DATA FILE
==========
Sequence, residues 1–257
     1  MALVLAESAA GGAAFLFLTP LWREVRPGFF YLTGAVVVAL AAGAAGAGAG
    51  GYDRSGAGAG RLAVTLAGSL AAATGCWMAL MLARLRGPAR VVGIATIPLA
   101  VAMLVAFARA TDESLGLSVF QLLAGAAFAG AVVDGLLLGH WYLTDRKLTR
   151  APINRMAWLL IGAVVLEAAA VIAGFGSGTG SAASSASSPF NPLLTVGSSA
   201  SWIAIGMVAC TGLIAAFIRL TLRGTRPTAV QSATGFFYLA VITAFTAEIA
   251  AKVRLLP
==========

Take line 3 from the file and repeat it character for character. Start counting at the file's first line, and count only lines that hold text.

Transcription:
    51  GYDRSGAGAG RLAVTLAGSL AAATGCWMAL MLARLRGPAR VVGIATIPLA